The piece described Ocasio-Cortez as a “political rock star” who never failed to speak her mind or stick up for her values. Notably, The Times’ concern with radical political philosophy did not extend to the avowed Democratic socialist, who currently holds a 97% progressive score on the Congressional voting records database ProgressivePunch.

DEMOCRATIC PARTY HAS ABANDONED THE HISPANIC COMMUNITY TO FOCUS ON WHITE LIBERALS: MAYRA FLORES

Liberal media outlets warn of White supremacy, far-right extremism among Hispanic, Black Republicans: analysis

Rep. Alexandria Ocasio-Cortez speaks during a rally on immigration outside the U.S. Capitol, Dec. 7, 2021.
(Drew Angerer/Getty Images)

Speaking with Fox News Digital, Media Research Center Latino Director Jorge Bonilla slammed the Times’ piece on Flores as an “ethnic disqualification piece.”

“We never heard about the ‘rise of the socialist Latina’ when AOC was elected because this is the left’s presumed norm. Since the Latino identity is inextricably linked to left-wing politics, the piece serves to identify the Texas Trio to the rest of the media as race traitors and therefore non-entities within the communities they aim to represent in Congress,” Bonilla said.

He went on to add that the media presumes Blacks, Hispanics and other ethnic minorities are “permanent members of the Democrats’ coalition” to be engaged on “race-adjacent matters.”

But, The Times’ piece on “far-right” Latinas is far from the first time in recent memory that liberal media outlets have grown concerned about conservative political extremism among minority groups.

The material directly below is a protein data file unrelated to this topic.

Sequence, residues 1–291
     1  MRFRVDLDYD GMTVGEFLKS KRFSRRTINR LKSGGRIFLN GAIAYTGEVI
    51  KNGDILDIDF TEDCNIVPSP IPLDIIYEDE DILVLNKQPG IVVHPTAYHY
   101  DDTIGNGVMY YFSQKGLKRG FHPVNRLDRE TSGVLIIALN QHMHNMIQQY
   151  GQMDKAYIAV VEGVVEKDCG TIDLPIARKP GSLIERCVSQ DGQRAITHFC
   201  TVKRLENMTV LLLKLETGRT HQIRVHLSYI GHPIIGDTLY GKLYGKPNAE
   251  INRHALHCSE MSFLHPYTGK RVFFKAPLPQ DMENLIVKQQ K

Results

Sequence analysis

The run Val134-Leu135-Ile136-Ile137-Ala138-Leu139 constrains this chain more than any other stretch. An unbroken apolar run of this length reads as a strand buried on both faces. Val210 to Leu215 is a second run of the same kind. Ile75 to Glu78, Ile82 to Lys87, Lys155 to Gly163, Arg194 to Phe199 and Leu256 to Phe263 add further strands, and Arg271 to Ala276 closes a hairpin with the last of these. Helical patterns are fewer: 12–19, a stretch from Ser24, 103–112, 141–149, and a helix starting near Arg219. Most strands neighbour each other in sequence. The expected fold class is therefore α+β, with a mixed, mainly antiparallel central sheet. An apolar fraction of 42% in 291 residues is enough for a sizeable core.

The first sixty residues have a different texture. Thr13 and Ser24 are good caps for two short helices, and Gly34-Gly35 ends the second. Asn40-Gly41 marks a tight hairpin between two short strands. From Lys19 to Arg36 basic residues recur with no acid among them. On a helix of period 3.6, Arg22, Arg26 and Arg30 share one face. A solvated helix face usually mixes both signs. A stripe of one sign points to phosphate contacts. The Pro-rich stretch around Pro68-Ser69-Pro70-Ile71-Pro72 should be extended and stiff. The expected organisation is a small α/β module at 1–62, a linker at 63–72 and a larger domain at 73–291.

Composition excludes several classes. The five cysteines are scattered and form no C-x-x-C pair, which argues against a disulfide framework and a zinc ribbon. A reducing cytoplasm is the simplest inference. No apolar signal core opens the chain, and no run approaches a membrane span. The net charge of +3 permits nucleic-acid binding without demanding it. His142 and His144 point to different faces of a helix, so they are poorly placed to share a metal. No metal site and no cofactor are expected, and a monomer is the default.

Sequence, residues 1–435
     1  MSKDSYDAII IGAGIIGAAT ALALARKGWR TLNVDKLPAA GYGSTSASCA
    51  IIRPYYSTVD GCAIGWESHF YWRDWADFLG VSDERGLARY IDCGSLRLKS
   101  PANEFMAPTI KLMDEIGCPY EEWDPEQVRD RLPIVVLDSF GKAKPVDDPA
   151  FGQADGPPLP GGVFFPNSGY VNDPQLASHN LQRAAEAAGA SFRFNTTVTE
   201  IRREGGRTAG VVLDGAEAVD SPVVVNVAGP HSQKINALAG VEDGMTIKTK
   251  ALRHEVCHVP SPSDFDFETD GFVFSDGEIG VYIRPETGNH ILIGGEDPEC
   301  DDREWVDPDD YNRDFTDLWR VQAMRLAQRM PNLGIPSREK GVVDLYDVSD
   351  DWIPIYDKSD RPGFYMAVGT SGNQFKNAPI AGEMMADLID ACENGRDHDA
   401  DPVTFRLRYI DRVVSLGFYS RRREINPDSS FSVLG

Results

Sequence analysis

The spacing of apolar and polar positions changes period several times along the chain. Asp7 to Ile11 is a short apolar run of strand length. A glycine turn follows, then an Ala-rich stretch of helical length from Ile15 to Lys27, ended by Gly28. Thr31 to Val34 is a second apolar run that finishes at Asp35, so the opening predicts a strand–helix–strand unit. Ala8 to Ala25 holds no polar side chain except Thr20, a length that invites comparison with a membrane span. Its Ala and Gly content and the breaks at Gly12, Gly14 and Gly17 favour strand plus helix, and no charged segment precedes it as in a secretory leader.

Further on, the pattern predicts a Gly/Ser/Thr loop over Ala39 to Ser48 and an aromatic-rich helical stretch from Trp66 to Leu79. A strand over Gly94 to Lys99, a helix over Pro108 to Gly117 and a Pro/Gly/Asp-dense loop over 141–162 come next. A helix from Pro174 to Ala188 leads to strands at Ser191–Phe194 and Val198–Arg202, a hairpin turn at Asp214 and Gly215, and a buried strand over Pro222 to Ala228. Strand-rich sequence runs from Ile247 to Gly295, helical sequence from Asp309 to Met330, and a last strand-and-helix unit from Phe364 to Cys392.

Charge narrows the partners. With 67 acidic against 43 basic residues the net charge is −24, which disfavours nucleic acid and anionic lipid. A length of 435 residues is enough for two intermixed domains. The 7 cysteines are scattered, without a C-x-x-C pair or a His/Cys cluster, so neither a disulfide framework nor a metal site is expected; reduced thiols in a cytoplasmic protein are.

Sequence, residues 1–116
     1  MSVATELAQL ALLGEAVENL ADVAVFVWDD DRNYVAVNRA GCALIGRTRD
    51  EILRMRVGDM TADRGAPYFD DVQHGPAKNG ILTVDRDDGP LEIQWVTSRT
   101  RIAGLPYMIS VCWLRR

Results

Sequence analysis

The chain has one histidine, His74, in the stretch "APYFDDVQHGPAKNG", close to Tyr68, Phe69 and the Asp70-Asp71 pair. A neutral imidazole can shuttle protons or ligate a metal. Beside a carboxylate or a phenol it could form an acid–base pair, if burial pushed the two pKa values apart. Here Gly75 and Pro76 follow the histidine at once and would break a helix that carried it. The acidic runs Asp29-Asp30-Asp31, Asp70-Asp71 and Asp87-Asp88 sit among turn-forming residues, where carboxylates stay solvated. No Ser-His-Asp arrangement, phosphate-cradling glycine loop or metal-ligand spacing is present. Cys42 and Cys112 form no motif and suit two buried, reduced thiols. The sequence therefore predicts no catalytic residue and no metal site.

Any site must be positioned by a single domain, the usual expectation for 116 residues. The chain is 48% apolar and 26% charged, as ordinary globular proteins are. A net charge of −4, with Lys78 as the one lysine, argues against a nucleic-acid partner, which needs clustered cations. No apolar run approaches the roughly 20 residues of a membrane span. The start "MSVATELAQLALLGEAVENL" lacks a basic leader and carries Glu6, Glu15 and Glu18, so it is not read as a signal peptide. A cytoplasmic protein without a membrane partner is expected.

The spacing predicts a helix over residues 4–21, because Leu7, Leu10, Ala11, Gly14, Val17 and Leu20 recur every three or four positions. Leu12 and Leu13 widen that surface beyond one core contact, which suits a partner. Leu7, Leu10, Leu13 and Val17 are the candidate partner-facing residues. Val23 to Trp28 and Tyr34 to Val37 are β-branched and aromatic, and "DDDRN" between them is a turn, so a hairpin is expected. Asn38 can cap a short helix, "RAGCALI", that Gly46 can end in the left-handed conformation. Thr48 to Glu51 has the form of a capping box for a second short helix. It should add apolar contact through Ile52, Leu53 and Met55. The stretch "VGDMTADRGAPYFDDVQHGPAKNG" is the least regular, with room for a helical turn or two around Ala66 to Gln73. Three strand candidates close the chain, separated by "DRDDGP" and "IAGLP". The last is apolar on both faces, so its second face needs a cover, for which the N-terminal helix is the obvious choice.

Another notable Republican, Virginia Lieutenant Governor Winsome Sears, also faced intense criticism from media outlets when she was elected alongside Gov. Glenn Youngkin in 2021. Sears is the first Black female elected to Virginia statewide office, a Jamaican immigrant, and a Marine Corps veteran, but that did not stop outlets from tying her to the far-right. 

VIRGINIA LT. GOV. WINSOME SEARS: ‘TOO MANY OF OUR POLITICAL LEADERS’ USE RACE ‘TO DIVIDE US’

Liberal media outlets warn of White supremacy, far-right extremism among Hispanic, Black Republicans: analysis

Winsome Sears celebrates winning the race for lieutenant governor during an election night party in Chantilly Virginia, Nov. 3, 2021.
(Reuters/Elizabeth Frantz)

In November, liberal commentator Michael Eric Dyson called Sears a “Black mouth” for White supremacy.

“You are doing what all political figures must do: make choices,” Dyson said on MSNBC. “The problem is here they want White supremacy by ventriloquist effect. There is a Black mouth moving but a White idea… running on the runway of the tongue of a figure who justifies and legitimates the White supremacist practices,” Dyson said. 

As Dyson spoke, “The Reidout” show displayed the chyron, “Republicans deploy ‘get out of racism’ card in VA.”